• Children do not like to share.  Five robots between 12 children often resulted in tussles and gentle reminders that there was time for everyone to have a turn.
  • Some kids are better than me, and will storm ahead, completing all the exercises and then begin pestering me for more.  Some just want to draw pictures in Scratch and ignore whatever activity I have planned.  There are those who don’t get it at all, even if you sit beside them and write all their code.  Others just want to mess about and play with the robots.  All of these are fine.  An after school club should not be “just more school” and it’s OK as long as everyone is having fun.

The club progressed nicely for two years, with some just trying it out for a term and others returning again and again.  I gradually adapted the sessions to be a bit less planned.  What worked well was me working through a challenge on my screen step-by-step with the students following along. If some of them raced ahead I would encourage them to add their own ideas to their program.  If others lagged behind I would stop to help them, or pair them up with someone else who had already progressed to that point.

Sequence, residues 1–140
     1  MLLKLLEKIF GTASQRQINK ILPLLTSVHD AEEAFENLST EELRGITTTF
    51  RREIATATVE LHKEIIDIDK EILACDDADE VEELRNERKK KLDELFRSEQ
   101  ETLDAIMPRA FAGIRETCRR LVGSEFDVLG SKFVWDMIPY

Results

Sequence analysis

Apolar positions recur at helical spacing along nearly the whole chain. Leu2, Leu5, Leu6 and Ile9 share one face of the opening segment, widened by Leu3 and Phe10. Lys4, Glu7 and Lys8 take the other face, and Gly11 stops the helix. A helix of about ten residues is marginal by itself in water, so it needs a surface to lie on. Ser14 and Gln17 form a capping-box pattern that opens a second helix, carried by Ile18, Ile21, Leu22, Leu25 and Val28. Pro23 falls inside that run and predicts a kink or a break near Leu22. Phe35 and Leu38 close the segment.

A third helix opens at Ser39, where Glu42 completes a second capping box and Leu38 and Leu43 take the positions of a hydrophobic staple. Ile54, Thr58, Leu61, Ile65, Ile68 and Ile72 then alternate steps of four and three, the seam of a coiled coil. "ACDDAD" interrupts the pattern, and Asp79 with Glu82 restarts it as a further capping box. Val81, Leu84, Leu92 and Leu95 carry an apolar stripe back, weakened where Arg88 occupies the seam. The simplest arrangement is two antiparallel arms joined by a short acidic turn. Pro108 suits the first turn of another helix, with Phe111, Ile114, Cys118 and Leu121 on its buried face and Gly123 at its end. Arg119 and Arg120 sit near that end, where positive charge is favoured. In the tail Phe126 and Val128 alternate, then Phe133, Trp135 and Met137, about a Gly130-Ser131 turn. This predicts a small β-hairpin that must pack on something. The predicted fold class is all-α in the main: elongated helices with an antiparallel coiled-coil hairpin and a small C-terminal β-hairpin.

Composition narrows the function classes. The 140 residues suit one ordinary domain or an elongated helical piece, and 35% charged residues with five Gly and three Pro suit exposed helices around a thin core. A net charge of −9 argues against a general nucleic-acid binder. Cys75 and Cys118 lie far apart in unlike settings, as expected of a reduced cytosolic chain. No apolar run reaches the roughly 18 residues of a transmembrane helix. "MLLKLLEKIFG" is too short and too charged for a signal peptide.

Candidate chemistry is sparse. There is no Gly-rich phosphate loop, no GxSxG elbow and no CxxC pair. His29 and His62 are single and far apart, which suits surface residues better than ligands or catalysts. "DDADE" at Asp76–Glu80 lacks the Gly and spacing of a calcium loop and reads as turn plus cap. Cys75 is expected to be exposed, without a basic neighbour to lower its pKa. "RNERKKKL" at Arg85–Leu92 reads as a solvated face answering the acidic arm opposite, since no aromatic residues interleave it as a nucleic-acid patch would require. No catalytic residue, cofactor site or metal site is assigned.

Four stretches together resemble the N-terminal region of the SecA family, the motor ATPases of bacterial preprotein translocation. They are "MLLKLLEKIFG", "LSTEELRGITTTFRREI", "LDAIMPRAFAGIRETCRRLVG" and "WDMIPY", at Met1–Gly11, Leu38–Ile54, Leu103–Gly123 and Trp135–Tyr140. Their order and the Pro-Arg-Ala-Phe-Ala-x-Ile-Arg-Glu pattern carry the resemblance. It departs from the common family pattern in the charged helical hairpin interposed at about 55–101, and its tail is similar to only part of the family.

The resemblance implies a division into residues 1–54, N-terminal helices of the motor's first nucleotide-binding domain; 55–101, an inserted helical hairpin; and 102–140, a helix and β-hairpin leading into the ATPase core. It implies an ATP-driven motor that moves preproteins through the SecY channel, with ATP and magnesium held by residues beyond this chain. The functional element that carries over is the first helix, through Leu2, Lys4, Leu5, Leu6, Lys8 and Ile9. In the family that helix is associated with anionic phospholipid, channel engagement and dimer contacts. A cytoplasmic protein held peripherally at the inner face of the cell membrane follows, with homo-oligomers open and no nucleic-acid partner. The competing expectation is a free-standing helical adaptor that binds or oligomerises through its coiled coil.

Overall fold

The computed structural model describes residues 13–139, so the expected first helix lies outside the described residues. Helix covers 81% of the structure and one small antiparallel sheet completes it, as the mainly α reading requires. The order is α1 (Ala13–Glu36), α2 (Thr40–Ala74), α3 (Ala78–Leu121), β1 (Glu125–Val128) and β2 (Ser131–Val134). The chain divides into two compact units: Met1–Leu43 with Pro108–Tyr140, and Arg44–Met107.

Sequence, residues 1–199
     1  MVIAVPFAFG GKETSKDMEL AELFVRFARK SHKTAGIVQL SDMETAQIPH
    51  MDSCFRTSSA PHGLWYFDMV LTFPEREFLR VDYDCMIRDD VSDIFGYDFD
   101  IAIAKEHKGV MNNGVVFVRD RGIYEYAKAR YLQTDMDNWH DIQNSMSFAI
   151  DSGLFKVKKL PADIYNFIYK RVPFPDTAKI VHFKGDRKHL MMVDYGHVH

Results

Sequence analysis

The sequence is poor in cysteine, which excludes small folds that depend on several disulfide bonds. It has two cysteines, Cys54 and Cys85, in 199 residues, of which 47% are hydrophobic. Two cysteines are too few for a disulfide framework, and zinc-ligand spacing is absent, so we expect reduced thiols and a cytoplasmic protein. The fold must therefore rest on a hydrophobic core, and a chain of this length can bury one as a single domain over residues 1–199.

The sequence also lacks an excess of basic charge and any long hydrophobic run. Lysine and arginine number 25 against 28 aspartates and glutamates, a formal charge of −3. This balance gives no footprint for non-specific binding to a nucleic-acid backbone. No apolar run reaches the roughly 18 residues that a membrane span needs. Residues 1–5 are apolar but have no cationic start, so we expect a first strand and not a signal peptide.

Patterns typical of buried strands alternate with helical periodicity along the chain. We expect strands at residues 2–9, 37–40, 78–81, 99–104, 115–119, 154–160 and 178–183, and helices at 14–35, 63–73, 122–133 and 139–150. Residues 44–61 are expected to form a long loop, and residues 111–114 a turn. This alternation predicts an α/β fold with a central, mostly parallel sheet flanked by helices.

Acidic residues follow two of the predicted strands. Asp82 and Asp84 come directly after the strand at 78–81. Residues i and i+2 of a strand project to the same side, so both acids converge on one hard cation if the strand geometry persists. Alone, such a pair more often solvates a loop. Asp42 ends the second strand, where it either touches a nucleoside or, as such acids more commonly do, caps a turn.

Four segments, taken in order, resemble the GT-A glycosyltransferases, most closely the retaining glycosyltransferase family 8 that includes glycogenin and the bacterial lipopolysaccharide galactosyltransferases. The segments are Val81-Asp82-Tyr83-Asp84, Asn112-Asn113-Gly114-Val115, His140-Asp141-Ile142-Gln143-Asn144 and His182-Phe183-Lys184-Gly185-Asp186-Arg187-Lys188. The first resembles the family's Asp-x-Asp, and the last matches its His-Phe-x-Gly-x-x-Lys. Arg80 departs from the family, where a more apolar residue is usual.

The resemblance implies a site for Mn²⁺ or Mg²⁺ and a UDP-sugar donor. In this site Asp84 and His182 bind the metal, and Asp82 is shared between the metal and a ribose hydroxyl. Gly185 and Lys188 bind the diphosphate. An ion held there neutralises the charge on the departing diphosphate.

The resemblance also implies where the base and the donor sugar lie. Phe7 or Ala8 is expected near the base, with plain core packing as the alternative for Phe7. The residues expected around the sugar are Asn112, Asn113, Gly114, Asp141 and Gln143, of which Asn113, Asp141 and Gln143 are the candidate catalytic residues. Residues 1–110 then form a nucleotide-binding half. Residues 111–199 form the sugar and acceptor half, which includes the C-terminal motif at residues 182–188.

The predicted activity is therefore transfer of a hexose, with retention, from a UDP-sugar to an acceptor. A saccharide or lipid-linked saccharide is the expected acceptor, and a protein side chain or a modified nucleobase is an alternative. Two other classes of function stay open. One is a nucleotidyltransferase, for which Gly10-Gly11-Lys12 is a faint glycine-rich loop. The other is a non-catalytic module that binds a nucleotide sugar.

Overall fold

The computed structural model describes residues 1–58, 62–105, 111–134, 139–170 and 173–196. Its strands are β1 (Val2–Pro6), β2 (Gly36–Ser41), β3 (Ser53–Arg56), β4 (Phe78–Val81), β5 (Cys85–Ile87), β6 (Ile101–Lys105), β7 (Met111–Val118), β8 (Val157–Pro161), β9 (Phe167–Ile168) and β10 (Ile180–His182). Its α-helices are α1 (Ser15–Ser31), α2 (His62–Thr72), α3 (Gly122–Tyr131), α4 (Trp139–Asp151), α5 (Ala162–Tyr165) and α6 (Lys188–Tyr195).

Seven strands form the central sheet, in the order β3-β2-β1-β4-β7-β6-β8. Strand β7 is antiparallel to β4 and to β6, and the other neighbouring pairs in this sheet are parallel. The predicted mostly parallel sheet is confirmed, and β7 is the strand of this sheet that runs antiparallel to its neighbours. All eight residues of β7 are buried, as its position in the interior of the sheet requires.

We would write simple games like Space Invaders or football.  We would simulate simple physical systems like diffusion, liquid flow or bouncing balls.  Or we would get the robots to draw pictures, make music, or dance.

Some of the highlights were:

Following a line on the floor:

Simulating a traffic crossing with three robots:

Tidying up Lego pieces:

Various types of digital (and not-so-digital) art:

Battling Wizards:




Liquid flow:

When the COVID pandemic hit in March 2020 I had to shut the club down and I was only able to resume it again in September 2022.  I wrote in my previous blog post about the effects of the pandemic on education, but the lack of access to clubs and social activities is probably one of the less obvious impacts on a child’s wellbeing.

I was keen for my club to remain accessible to everyone and for activities to become more open-ended rather than just following my instructions step-by-step.  Some approaches I took were:

  • Giving guidance on some of the techniques required to write a game (e.g. getting a Scratch sprite to move, jump, bounce or fire projectiles) and then supervising while the children designed their own games.
  • Writing a “story” by creating a sequence of animated backdrops through which sprites moved through (it’s amazing how many of these turned into horror tales involving zombies and vampires)
  • Designing a quiz with multiple choice questions
  • Exploring some of the excellent courses offered by at
  • Using the Turing Tumble to build a mechanical computer and learn exactly how logic gates work:
  • Using Nintendo Labo to program cars, fishing rods and more:

The broad aim of the STEM Ambassador program is to provide young people with a link from STEM subjects to the real world of work, so as to inspire the next generation in STEM. I hope that in a small way my club has helped to do this.

How we do centralized logging at 67 Bricks